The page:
The Super Featherweight division isn't the best out there at the moment, but is one where there is a nice amount of talent across the various levels of the sport, meaning there are some fantastic fights out there, even if they aren't at the very top level. The Oriental scene has a handful of fighters who could all share the ring and put on great fights. We get one such fight on March 27th when the unbeaten OPBF champion Hironori Mishiro (6-0-1, 2) takes on OPBF Silver champion Takuya Watanabe (35-8-1, 20) in a really mouth watering match up.
The champion is a former amateur stand out who made his pro debut in 2017 and was hotly tipped as a star in the making straight away. He would score 3 straight forward wins before going up against the then unbeaten Shuma Nakazato, taking a hard fought win over Nakazato. He would then add an upset win over Shuya Masaki before challenging OPBF champion Carlo Magali. The bout over Magali was a massive step up, but one that Mishiro made, just doing enough to take a split decision win over the Filipino veteran. Since then he has defended the belt once, fighting to a draw against Masaru Sueyoshi in an OPBF/JBC title unification bout. The Sueyoshi bout was Mishiro's most impressive performance, despite only earning a draw.
In the ring the 24 year old Mishiro is a very fluid fighter, able to box on the back foot, using his size and reach, or on the front foot, bringing the pressure and cutting the distance. He's strong, very quick, and looks incredibly relaxed in the ring. Although he has solid power, he's not a concussive puncher and despite being able to fight on the front foot, he does lack real killer instinct, something has shown it's self in the past. One thing that has really impressed about Mishiro is his stamina, and despite only having 7 fights he has already done 12 rounds twice. He's not a non-stop punching machine, but for someone so early in their career he has impressed, and he certainly paced himself better in his second 12 rounder than his first one.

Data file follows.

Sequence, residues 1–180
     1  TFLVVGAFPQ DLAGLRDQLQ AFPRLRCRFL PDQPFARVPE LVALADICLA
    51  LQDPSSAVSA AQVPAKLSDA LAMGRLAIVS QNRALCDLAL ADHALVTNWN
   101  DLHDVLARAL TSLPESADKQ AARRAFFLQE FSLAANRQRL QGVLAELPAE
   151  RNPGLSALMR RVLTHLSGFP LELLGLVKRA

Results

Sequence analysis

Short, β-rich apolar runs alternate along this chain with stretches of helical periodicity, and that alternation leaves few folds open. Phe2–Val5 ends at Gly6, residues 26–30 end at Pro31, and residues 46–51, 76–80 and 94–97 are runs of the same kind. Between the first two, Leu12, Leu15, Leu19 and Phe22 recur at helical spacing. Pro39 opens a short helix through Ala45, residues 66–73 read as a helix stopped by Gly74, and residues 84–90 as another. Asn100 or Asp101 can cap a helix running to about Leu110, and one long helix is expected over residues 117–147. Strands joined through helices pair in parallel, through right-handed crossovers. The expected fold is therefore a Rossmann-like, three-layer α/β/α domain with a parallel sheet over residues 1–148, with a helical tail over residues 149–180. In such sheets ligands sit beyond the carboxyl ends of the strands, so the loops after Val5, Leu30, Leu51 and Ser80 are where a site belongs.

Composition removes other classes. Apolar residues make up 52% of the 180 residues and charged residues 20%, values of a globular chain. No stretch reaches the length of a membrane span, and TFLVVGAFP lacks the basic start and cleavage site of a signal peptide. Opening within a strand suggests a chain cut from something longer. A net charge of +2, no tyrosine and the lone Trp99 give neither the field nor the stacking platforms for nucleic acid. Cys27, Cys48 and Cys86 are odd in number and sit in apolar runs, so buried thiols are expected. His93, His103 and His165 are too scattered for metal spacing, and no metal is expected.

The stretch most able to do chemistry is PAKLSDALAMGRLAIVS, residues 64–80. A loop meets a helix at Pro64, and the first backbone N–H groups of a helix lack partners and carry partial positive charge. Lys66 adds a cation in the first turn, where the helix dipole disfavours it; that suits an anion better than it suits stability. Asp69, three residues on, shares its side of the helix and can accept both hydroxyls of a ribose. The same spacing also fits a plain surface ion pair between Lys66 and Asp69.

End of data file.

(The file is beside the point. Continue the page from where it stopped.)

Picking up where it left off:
The challenger isn't the natural boxer that Mishiro is, but is instead a 30 year old veteran who has been a professional for over 12 years and despite having 8 losses is a very good boxer-puncher with a gritty determination that makes him a hard man to beat. His career has also been different to most of his fellow Japanese fights. Not only has he been active, with 44 bouts in just over 12 years, but many of those have been on the road. He has right through South East Asia, with bouts in Thailand, South Korea, China, Hong Kong, and Taipei. On the road he has had some of his most memorable bouts, including his blood bath with Jaesung Lee in Korea his KO win against Leshan Li in Hong Kong and a very hard fought loss to Yongqiang Yang in China. As for bouts in Japan he has faced some pretty stiff competition, including Hisashi Amagasa, Satoshi Hosono and Masayuki Ito.